To better understand what was occurring and why, the researchers took a closer look at the drop as it was being pushed off the surface. They found that it was squished slightly, like a tennis ball being hit by a racket. And like a tennis ball, the drop rebounded as it was being pushed off the surface. That rebound added to the release speed. The team describes the effect as superpropulsion. They found that the increase in speed of the drop was dependent on the size of the drop vibration compared to the oscillation frequency—the biggest gains came when the vibration frequency was approximately three times that of the surface's frequency. The researchers also compared the effect to the added lift a person gets on a trampoline when pushing at just the right moment.

Explore further: Fungal spores harness physics to launch themselves

More information: Christophe Raufaste et al. Superpropulsion of Droplets and Soft Elastic Solids, Physical Review Letters (2017). DOI: 10.1103/PhysRevLett.119.108001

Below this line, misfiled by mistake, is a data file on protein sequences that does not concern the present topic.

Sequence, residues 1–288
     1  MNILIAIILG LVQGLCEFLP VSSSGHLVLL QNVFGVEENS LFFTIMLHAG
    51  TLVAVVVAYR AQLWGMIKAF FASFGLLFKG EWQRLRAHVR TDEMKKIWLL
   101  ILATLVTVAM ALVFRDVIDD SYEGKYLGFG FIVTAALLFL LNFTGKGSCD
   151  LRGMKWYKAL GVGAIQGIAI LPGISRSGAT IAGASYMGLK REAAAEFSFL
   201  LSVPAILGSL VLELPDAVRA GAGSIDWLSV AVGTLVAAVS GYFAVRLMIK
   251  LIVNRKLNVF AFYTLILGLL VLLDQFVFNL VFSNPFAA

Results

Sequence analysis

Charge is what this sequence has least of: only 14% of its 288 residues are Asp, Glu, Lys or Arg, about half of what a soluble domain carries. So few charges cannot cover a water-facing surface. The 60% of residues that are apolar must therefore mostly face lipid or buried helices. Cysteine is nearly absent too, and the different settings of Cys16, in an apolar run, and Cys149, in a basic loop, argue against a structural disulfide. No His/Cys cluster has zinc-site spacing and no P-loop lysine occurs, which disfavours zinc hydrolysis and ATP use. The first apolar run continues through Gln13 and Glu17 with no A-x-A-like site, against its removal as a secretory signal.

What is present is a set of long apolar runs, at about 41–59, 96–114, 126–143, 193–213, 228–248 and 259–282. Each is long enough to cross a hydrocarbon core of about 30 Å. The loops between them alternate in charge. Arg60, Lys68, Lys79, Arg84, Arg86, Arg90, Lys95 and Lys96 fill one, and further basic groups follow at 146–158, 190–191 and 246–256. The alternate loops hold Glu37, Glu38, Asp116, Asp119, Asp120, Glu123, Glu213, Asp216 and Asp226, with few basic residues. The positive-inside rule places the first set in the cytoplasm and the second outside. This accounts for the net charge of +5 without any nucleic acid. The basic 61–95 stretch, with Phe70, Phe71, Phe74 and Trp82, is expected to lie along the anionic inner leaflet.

ABSTRACT
We investigate the behavior of droplets and soft elastic objects propelled with a catapult. Experiments show that the ejection velocity depends on both the projectile deformation and the catapult acceleration dynamics. With a subtle matching given by a peculiar value of the projectile/catapult frequency ratio, a 250% kinetic energy gain is obtained as compared to the propulsion of a rigid projectile with the same engine. This superpropulsion has strong potentialities: actuation of droplets, sorting of objects according to their elastic properties, and energy saving for propulsion engines.

Related Stories

Water is surprisingly ordered on the nanoscale